Kareem Abdul-Jabbar on GOAT conversation: “This isn’t Highlander. There can be more than one.”

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This is a GOAT resume: Six championship rings, six MVPs, 15-time All-NBA, two-time Finals MVP, 19 All-Star appearances, 11-time All-Defensive team including twice leading the league in blocked shots. Oh, and he also scored more points than any player in the league’s history, much of it with one of the most iconic shots the game has ever seen.

Kareem Abdul-Jabbar too often gets left out of the “Greatest of All Time” talk. He HAS to be included.

Abdul-Jabbar also had a reasonable, logical take on something too many people get irrational about — the GOAT conversation. From a fascinating, must-read interview with Marc Spears of The Undefeated (that touches on race and politics and more):

“These GOAT discussions are fun distractions while sitting around waiting for the pizza to be served,” Abdul-Jabbar told The Undefeated. “But they’re on a par with ‘Which superpower would you want most: flight or invisibility?’ Whether I’m included or not in anyone’s list doesn’t matter. I played my hardest and I helped my teammates. That’s the most important thing I walked away with.

“The reason there is no such thing as the GOAT is because every player plays under unique circumstances. We played different positions, under different rules, with different teammates, with different coaches. Every player has to adapt to their circumstances and find a way to excel. This isn’t Highlander. There can be more than one.”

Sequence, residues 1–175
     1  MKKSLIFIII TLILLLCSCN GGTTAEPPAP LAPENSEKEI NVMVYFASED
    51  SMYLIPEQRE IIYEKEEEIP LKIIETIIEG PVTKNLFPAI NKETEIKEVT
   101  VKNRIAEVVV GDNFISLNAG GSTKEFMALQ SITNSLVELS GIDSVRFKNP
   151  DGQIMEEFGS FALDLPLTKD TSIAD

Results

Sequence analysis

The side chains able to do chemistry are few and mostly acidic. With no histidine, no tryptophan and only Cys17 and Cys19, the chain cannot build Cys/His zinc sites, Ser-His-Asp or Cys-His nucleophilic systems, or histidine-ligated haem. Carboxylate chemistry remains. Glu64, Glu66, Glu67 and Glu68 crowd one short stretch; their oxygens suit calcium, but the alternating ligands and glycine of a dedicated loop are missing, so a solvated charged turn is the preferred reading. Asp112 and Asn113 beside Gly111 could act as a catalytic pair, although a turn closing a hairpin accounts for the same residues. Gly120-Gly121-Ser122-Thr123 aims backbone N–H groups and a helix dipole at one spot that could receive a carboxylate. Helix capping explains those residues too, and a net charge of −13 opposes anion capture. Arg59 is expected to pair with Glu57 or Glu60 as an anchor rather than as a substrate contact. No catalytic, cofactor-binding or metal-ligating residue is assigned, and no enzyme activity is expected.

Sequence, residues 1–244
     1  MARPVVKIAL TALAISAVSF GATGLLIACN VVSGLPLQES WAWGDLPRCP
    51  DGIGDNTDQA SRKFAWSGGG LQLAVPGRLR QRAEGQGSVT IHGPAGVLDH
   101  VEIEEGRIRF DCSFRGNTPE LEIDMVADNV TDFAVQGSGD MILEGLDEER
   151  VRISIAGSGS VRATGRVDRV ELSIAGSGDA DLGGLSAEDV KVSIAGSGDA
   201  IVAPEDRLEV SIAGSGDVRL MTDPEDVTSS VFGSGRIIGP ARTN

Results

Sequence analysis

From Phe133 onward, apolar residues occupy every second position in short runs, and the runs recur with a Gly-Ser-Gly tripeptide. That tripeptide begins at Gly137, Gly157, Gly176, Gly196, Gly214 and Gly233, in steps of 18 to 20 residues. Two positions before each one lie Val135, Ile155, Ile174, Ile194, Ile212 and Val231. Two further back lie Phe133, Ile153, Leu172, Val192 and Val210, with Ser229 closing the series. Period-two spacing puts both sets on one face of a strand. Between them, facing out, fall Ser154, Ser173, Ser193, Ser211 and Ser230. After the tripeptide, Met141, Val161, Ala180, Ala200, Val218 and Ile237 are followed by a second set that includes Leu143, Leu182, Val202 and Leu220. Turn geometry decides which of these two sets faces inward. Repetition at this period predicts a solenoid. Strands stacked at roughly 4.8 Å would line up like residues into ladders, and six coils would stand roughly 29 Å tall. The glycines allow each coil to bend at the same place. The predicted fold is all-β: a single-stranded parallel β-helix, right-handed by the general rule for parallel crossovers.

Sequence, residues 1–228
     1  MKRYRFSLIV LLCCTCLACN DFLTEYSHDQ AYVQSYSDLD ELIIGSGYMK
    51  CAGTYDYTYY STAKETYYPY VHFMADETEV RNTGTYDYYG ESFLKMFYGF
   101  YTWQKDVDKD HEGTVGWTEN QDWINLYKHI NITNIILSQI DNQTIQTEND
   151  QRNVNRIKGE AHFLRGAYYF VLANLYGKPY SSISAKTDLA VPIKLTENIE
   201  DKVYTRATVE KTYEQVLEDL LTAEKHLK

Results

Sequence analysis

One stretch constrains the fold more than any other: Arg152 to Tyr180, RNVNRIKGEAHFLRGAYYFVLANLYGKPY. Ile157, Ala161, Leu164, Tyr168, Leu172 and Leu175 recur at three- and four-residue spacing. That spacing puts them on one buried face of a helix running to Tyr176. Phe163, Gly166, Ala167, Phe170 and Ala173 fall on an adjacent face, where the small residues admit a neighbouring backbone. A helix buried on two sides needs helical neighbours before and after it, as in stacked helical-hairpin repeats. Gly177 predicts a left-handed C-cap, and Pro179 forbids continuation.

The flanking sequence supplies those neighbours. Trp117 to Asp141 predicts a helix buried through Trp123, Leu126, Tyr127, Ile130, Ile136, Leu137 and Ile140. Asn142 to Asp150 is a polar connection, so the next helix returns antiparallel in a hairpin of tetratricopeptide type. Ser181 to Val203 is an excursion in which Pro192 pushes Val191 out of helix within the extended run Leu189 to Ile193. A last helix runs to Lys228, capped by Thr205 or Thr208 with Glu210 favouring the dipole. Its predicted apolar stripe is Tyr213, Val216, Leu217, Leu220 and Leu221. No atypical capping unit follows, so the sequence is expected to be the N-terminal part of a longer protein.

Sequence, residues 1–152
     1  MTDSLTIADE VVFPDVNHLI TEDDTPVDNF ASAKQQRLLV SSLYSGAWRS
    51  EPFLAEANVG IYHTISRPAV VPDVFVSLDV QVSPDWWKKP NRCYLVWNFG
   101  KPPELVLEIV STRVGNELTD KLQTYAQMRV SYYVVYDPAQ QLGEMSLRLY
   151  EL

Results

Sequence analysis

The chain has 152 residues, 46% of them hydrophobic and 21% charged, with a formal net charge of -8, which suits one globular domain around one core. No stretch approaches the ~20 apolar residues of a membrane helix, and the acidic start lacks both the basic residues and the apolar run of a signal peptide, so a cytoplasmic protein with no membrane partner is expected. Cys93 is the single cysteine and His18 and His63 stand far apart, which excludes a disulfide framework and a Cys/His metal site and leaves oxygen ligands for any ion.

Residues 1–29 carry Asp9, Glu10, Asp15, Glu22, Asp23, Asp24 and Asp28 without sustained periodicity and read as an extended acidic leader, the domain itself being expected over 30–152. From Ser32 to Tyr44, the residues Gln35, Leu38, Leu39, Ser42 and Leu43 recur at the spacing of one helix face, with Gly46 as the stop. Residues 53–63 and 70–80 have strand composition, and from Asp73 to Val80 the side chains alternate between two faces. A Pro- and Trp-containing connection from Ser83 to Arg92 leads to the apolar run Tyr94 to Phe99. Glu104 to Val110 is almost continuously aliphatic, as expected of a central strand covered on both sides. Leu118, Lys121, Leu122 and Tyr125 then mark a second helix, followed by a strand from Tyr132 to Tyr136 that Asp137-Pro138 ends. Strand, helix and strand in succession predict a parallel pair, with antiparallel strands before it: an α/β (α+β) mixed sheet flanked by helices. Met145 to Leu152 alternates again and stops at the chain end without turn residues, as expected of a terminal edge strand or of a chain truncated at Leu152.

That second paragraph emphasizes a key point — it is hard to compare basketball (or any sport) across eras. We get this most recently with the “could today’s Warriors beat the 90s-era Jordan Bulls?” debate. Well, are you playing 1990s defensive rules or 2018? Jordan and Scottie Pippen are unquestionably great defenders, but if you take away the hand-checking (which has come back, a little) and tighter calls on physical play on the perimeter, and those two will have the same problems stopping Stephen Curry everyone else does.

Personally, I’m partial to a tier system for ranking players. To me, Jordan and Abdul-Jabbar are both on that very top tier (along with Magic Johnson and a couple of others). We can debate the fine line of whether a player belongs on that upper tier, or the second one, or wherever, but I don’t see a point in a “Jordan vs. Kareem” or whoever debate. As KAJ noted, it may make a fun time killer on sports talk radio, but in the grand scheme it’s moot.